We chastise others for practicing selective humanitarianism, but aren’t we guilty of it too?

Why do so many of us stay silent when it comes to showing support for our own brothers?

Many of you, after reading this article, will feel the stinging shame and guilt, that my words have stirred, overcome your senses. Many of you will then shun my words to the dark depths of your consciousness where justice goes to die. But there might be some, I hope, who will agonise over the truth of my words, who will linger on this page and think:

How can I end this criminal disregard of the Ahmadi community?

How can I fight for the rights of my countrymen?

Because of you, because of your ingenuity and because of your strong sense of justice, I have hope. The Ahmadi community has hope. And Pakistan has hope.
Abbis Haider The author is a graduate of King Edward Medical University and has studied journalism and sociology from Punjab University. He is currently conducting research in health in the US. He tweets as @Abbis_Haider (https://twitter.com/Abbis_Haider).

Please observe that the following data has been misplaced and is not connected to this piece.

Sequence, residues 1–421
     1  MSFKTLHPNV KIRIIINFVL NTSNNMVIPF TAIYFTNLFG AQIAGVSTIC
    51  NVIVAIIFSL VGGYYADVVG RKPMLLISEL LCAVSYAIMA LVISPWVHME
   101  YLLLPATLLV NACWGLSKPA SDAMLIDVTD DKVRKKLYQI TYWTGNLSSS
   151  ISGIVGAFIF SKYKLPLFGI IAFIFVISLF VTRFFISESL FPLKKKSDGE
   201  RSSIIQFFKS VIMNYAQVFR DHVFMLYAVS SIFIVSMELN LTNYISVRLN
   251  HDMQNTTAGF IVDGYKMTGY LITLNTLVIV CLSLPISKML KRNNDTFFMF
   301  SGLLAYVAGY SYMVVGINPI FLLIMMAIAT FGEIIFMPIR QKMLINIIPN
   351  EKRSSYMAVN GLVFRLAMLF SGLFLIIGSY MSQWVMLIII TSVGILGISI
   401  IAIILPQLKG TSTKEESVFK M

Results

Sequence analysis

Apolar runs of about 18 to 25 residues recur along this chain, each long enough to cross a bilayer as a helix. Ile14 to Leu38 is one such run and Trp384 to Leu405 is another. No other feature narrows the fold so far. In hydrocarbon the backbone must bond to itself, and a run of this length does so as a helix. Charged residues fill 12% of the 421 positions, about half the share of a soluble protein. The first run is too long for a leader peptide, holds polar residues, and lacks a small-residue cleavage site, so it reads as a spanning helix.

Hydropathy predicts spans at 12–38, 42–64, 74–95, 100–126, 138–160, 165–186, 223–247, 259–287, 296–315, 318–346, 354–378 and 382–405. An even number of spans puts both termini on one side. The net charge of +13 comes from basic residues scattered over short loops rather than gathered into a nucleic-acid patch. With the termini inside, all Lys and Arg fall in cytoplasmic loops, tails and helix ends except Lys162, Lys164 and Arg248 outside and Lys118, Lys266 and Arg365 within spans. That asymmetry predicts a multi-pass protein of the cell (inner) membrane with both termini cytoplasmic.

The views expressed by the writer and the reader comments do not necassarily reflect the views and policies of the Express Tribune.


Rd px | 8 years ago | Reply If the university is not hiring Ahmedis it is discriminating. Bit if it only wants u to clarify whether u r a muslim or a Ahmedi then its not discriminating. We should have no problem with Ahmedis participating in all walks of life but they should not force us to accept them as muslims.
Miyagi Jr. | 8 years ago | Reply "The truth is that many of us do not like how the state is treating the Ahmadi community, but we bite our tongues and say nothing because we have been trained to accept the status quo" Wrong. The Truth is that no one wants to Die by siding with sanity in Pakistan and conveniently become hypocrites.